Congress passed the Real ID Act of 2005 in response to the Sept. 11, 2001, terrorist attacks. DMV Acting Commissioner Steven Dale said more than 30 fraudulent driver’s licenses and identification cards were traced back to the terrorists.
The Real ID Act contains strict requirements for individuals to prove their identity when applying to obtain a new driver’s license or to renew a license.
To receive a Real ID-compliant license, an individual must provide the DMV with one document for proof of identity, one document for proof of Social Security number and two documents for proof of West Virginia residency (Details are posted online at www.transportation.wv.gov/dmv/Drivers-Licenses/Pages/default.aspx)
Since July, individuals using a driver’s license or state-issued ID card to enter a secure federal facility have been required to possess a card from a Real ID-compliant state. Enforcements for individuals boarding commercial aircraft will start as early as 2017.
Deadlines were originally set in 2008 but enforcement has been pushed back several times.
In January 2012 West Virginia’s DMV began issuing:
* Real ID-compliant driver’s licenses, which have a gold star in the right top corner of the front; and
* Secure licenses, which do not meet Real ID Act requirements. These licenses bear the phrase, “Not for federal identification.”
As of the end of October the West Virginia DMV had issued 550,900 Real ID-compliant licenses and 824,531 secure licenses, Dale said.
West Virginia was among the first 13 states to begin issuing licenses that comply with the federal law. Zimmer said the law was in part modeled on West Virginia’s practices because the state was using many enhanced security procedures long before the terrorist attacks.
“What you accomplished is incredibly complex,” Zimmer said at the award ceremony. “You do a marvelous job.”
Paul Mattox Jr., secretary of the state Department of Transportation and Commissioner of the Division of Highways, praised the DMV’s employees for their “great achievement,” and said they had made West Virginia a national leader in driver issuance security.
“I am greatly pleased that the great accomplishments of this division are getting the national recognition that they so greatly deserve,” Mattox said. “Their efforts to make sure our licensing process is as secure as possible will help ensure that West Virginians can enjoy a high level of protection from identity fraud. I’d like to thank Commissioner Dale and your staff for achieving such a high level of service to the citizens of West Virginia.”
Joseph Thornton, secretary of the state Department of Military Affairs and Public Safety, said information is a critical component in the quest for public safety yet “we have to be extremely sensitive to individuals’ rights on a daily basis.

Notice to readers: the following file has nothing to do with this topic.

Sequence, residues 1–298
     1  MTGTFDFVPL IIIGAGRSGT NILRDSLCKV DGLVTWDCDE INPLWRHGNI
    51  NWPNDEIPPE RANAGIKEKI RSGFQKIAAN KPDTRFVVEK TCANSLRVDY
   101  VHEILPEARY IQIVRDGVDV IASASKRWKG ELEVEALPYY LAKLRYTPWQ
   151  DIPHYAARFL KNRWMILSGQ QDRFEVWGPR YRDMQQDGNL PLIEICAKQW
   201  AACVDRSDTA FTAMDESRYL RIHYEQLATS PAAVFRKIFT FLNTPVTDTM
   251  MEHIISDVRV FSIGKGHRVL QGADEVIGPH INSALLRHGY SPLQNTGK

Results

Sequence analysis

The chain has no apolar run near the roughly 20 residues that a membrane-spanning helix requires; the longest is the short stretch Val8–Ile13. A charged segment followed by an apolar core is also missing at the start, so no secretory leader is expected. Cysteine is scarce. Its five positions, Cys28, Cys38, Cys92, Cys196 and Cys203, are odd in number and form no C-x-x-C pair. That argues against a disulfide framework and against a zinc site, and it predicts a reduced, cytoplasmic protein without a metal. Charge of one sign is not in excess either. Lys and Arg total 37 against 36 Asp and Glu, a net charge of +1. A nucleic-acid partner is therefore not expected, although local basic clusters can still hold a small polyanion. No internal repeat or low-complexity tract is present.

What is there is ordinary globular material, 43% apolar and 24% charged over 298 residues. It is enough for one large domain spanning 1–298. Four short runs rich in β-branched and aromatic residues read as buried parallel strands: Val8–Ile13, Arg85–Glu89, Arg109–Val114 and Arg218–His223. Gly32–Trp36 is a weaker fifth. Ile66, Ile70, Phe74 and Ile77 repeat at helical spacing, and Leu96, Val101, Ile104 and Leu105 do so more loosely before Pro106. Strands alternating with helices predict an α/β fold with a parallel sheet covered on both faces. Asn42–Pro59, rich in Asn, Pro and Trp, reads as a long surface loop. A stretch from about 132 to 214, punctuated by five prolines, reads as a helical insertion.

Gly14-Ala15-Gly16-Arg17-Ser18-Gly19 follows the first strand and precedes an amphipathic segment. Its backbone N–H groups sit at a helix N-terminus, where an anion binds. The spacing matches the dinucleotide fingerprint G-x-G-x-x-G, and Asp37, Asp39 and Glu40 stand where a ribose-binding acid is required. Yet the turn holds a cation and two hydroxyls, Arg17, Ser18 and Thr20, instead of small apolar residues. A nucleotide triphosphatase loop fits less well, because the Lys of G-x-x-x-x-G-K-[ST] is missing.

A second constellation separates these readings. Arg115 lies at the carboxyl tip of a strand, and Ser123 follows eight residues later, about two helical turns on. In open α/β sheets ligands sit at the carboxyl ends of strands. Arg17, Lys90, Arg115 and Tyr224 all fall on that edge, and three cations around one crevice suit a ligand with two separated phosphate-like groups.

“The citizens demand privacy and are owed that privacy but it’s important to us in the performance of our mission that we have adequate information,” Thornton said. “So there has got to be a balance that’s struck between collecting what is needed and necessary and trying to ensure that adequate protection measures for that information are in place to ensure that bad things don’t happen.”
Thornton said the award “is indicative of the great work that’s being performed by the DMV and Department of Transportation every day in ensuring measures are adequately and responsibly implemented and to ensure public confidence in our daily mission.”
Dale praised all of the DMV employees involved in implementing the Real ID Act, from the workers who designed the photo system to the customer service representatives and call-center employees.
When West Virginia first implemented the tougher standards, some residents complained about the identification requirements. In 2008 the state Senate passed a bill that declared West Virginia would not carry out the Real ID law. The legislation died in the House of Delegates.
By early 2013, most calls to the DMV about Real ID were not to complain but to ask questions about the required documents.
Twenty-two states now comply with the law, Zimmer said. West Virginia is the ninth state to receive the award from the Coalition for a Secure Driver’s License.
Zimmer presented Certificates of Achievement to the following members of the DMV’s Central Office staff: Dale; Information Services Director Wilbur Thaxton; Executive Assistant to the Commissioner Mark Holmes; Driver Services Directors David Bolyard and Larry Cavender; Regional Offices and Call Center Director Pete Lake; and Driver’s Licensing Unit Manager Don Estep.
In addition: Information Services Coordinator Dawn Tucker; Information Services Manager Cindy Beane; Graphic Designer Jennifer Floyd; Executive Assistant to the Commissioner Natalie Holcomb; Investigations, Security and Support Services Director Dempsey Totten; Administrative Services Assistant Doreen Carpenter; Programmer Analyst Lynette Shaw; and Information Systems Manager JoAnn Twohig.
Customer service representatives who received certificates and the offices where they serve: Michele Grigoraci, Kanawha City; Eva Francis, Parkersburg; and Mary Gibson, Winfield.
Call Center customer service representatives Amanda Campbell, Donna Harmon and Amy Hazelett were honored, as were Call Center Manager Amanda Forinash and Regional Office managers David Hughes and Earl Reynolds.
Customer service representatives who did not attend the ceremony but will receive certificates: Deborah Miller, Beckley; Sam Westfall, Clarksburg; Cathy Hedrick, Elkins; Beth D’Alessio, Huntington; John McCutcheon, Moundsville; Tosha Patterson, Princeton; and Nancy Dankovchik, Weirton.
Lead customer service representatives who did not attend but will receive certificates: Christine Utt, Flatwoods; and Kelly Landers, Kanawha City.